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Bipartisan Recruiting: Early Signing Day

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With the ultra aggressive nature of SEC recruiting, a proposed early signing day was a hot topic when the majority of the conference's coaches voted for it during their meeting last week.

The interesting thing, however, was who exactly was for it and who appears to be against it.  Normally, when recruiting rules are subject to change, the D1a coaching ranks fall into two very clear camps.  In one corner, with their My Space pages and text friendly phones, you have guys like Zook, Carroll, and Meyer.  Think of them as the free market types, they want as few restrictions in order to exploit the fact that they will recruit without shame from dusk until dawn.  The other corner, rather predictably, are both the old school cats like Paterno and the seemingly lazy ones like Tiller.  They simply aren't going to do what it takes to play Zook's game and therefore typically aren't interested in a 12 month recruiting season.

So what is the deal with an early signing period?  Who does it favor?  Paterno was asked recently to share his stance and offered up the following:

"I don't like it," he said. "I don't like it only because I go back to the fact that when I was working for (former PSU coach) Rip Engle, Rip used to say all the time when we'd get all wrapped up in talking about recruits, he'd say, 'Let's take care of the guys we have here first and then we go out recruiting.'

"Early signing dates bother me because you've got to have your official visits during the season. You're playing a big game. I don't want to be bothered, really. We do a terrible job when kids come up for official visits for a game."

While I'm not surprised by his rational, I can't say that I was certain he would be against it.  The early signing period doesn't have a clear beneficiary except coaches in general: they don't have to work as long.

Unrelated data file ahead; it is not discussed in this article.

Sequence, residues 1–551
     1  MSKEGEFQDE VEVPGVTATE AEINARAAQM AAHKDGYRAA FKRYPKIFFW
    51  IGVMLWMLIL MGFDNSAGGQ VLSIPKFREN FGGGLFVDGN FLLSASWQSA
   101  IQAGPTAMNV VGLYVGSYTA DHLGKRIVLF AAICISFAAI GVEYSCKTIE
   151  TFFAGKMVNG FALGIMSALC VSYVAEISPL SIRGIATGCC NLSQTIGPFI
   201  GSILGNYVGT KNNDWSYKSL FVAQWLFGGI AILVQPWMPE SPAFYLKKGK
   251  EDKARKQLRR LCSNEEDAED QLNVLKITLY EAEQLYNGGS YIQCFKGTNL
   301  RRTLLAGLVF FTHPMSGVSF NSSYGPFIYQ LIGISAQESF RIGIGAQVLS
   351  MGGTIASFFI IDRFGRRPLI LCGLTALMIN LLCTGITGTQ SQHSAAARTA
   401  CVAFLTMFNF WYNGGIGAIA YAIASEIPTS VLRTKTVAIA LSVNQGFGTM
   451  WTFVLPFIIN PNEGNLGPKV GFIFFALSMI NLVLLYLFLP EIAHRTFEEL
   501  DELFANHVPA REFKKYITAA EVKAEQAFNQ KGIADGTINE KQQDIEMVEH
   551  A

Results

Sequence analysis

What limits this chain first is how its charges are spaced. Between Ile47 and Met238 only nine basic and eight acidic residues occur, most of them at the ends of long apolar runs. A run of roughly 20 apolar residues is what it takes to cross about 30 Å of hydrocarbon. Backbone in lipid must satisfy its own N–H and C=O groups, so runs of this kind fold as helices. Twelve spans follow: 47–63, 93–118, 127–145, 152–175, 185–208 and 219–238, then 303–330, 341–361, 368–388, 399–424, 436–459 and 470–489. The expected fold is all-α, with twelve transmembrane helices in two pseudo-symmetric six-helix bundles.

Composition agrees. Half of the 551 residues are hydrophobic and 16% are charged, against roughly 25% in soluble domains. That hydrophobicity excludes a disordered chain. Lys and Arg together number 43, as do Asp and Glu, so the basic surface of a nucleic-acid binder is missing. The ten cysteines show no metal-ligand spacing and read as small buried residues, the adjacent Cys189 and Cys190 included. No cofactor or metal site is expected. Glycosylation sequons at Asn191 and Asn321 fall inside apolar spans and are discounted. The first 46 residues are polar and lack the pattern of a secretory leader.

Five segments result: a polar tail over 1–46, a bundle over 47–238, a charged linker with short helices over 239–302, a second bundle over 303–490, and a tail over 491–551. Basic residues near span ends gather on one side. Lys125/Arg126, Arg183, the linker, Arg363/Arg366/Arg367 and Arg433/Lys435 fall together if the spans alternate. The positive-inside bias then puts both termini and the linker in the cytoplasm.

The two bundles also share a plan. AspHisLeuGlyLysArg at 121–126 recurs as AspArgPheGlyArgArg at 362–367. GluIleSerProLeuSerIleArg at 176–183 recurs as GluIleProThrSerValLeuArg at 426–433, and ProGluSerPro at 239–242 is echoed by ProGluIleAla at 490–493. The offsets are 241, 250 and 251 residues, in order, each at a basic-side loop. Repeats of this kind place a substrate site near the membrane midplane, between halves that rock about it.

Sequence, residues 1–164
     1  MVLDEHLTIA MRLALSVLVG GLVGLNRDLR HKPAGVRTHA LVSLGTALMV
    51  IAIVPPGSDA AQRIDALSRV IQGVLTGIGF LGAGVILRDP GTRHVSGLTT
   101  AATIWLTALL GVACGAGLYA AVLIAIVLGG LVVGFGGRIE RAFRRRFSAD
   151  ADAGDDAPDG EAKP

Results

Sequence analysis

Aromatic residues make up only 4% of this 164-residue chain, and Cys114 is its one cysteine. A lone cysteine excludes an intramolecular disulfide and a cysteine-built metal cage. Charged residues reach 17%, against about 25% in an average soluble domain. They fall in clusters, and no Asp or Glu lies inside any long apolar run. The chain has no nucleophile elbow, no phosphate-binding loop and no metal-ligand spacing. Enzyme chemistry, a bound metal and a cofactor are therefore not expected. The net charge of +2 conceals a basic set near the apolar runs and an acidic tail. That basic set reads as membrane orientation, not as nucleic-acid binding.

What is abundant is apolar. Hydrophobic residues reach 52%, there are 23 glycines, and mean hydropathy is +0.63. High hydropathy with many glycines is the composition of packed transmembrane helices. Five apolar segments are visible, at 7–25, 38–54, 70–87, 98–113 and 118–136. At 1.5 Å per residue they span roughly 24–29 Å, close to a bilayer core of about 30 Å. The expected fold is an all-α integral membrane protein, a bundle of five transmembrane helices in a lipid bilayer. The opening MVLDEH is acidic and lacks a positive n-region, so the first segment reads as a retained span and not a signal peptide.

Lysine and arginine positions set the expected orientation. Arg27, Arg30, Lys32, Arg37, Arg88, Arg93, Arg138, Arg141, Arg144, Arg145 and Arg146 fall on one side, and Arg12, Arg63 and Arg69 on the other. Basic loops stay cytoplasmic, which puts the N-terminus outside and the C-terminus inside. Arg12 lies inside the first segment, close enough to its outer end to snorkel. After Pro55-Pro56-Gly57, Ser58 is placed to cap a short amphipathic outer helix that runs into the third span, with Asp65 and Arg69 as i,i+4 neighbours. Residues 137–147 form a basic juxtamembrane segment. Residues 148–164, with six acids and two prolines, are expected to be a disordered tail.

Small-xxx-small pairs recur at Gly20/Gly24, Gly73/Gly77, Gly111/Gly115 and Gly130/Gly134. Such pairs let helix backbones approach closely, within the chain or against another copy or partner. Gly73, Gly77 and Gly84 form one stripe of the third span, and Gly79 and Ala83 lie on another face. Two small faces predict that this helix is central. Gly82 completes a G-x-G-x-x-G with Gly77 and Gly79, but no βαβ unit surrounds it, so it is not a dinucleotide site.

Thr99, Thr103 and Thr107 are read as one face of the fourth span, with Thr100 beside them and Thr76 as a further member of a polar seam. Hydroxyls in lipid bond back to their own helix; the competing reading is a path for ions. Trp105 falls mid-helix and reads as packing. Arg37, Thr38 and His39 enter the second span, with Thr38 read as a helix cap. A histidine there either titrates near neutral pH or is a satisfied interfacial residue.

Meyer, obviously a fan of the Regan Recruiting Plan, had this to say :

Urban Meyer is against it. “Kids are being pressured too early as it is,” Meyer said. “We should be taking more time, not less time, to evaluate these guys.”

Saban is woven from the same cloth, but has a totally different take:

Nick Saban is for it. “I just think we spend too much time and money babysitting guys who have already committed to us who want to sign. Let those guys sign and let’s spend our time and money recruiting the ones who have not made a decision.

So the camps are split on this one.  Those for it are either tired of having recruit stolen from them or would rather lock up the guys they have so that they can focus on stealing other people recruits.  Funny how enemies can agree.  Those against it typically want more time to evaluate a player, understanding that an early signing period would mean you have to decide on who to offer even earlier.

What is lost in all of this, of course, is what is best for the recruits.  Yes, maybe an early signing period would mean they can end the constant harassment, but wouldn't it really be the same harassment just starting a couple of months earlier?  And is making a kid pick a college sooner, which would require more visits during a busy high school season, better in any way?